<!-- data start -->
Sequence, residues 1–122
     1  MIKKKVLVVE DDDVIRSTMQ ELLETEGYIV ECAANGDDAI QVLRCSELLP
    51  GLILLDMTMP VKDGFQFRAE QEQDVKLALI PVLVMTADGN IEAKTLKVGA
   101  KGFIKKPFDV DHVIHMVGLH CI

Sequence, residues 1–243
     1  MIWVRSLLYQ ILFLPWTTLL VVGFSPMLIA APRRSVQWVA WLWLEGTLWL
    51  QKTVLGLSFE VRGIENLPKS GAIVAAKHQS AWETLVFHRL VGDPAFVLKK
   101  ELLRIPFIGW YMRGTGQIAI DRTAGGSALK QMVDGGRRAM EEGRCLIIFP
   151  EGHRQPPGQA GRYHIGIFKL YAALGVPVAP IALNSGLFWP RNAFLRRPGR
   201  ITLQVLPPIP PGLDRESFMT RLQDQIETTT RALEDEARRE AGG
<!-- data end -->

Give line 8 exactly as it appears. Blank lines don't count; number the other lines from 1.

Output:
   101  ELLRIPFIGW YMRGTGQIAI DRTAGGSALK QMVDGGRRAM EEGRCLIIFP